Refiners and integrated oil firms continue to struggle with low refining margins, as a part of global oil demand—jet fuel consumption—is still enormously depressed by international travel restrictions.
Margins for middle distillates, which include jet fuel, have improved since the worst effect of the pandemic last year. But the crisis in the airline industry and the pressure on refiners to curb jet fuel supply amid still very low demand could accelerate permanent closures of refineries geared to produce more middle distillates than gasoline, especially in Europe and Asia.
New refinery capacity in the Middle East and Asia also pressures older refineries, which yield more middle distillates, into risking permanent closures due to unprofitable or uncompetitive low-profit-margin operations. A current glut of diesel supply in Asia also depresses margins, while crude oil prices above $65 a barrel make raw materials more expensive.
The COVID-19 shock to oil demand has already resulted in idled capacity and permanent closures of refineries worldwide, including in the United States. Even with closures of 1.7 million bpd capacity announced by November 2020, “there remains significant structural overcapacity,” the International Energy Agency (IEA) said at the end of last year.
More refinery closures are in the cards, analysts say, given the newly built capacity and the loss of jet fuel demand which is not expected to recover to pre-COVID levels until 2023.
Sure, refining margins have increased in recent months compared to the worst from the spring of 2020, as Reuters market analyst John Kemp says.
“Good to see refining margins improve here in January a little bit, strengthening a little bit, which is good, but still a long ways off what historical numbers would be,” BP’s chief executive Bernard Looney said on the Q4 earnings call last month.
Yet, the current crisis is an existential threat to smaller and less efficient refineries in Europe and Asia that were struggling to turn profits even before the pandemic.
Even oil majors acknowledge that some sites have become permanently uneconomical amid depressed refining margins, fierce regional competition, and expectations of declining road fuel demand in the long term.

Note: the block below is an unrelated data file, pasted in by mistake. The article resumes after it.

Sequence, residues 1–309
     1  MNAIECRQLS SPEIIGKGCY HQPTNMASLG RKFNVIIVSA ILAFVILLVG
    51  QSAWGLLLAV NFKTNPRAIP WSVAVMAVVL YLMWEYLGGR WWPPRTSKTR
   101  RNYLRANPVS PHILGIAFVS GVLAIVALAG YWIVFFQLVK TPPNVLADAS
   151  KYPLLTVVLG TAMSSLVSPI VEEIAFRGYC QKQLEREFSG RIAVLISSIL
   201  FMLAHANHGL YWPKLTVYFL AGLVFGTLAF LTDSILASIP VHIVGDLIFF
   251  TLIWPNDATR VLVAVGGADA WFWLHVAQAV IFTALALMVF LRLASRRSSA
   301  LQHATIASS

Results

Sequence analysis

For example, ExxonMobil and BP announced in the span of just a few months closures of their respective refineries in Australia. They now plan to convert them into fuel import terminals.
Due to its geographical position, Australia has lost the competition in the refining business as small and old refineries cannot rival the booming oil processing capacity in Asia, particularly China and India.
Globally, refining faces a tough—and potentially long—way to recovery, said Wood Mackenzie’s Vice President Oils Research, Ann-Louise Hittle, and Alan Gelder, Vice President Refining, Chemicals & Oil Markets.
“Refinery closures or restructuring were a key feature of 2020 across Europe, Asia and the Americas, but did little to lift margins in the face of the collapse in demand,” they wrote in January. WoodMac’s experts see refinery utilization levels globally staying low this year, “so the threat of refinery rationalisation remains.”
This year, more than 1 million bpd of refining capacity is expected to be completed in the Middle East and Asia, and these newly-built sites might prompt further rationalization in Europe and across Asia, according to WoodMac.
In Europe, 1.4 million bpd of refining capacity is under serious threat of closure by 2023 at the latest, according to a Wood Mackenzie analysis from the middle of last year.
From Europe to Asia and the Americas, smaller and older refineries could fall victims to the structural overcapacity exacerbated by the COVID crisis. Newer and larger refineries integrated with petrochemicals could pose too overwhelming competition for smaller sites in the post-pandemic oil demand patterns.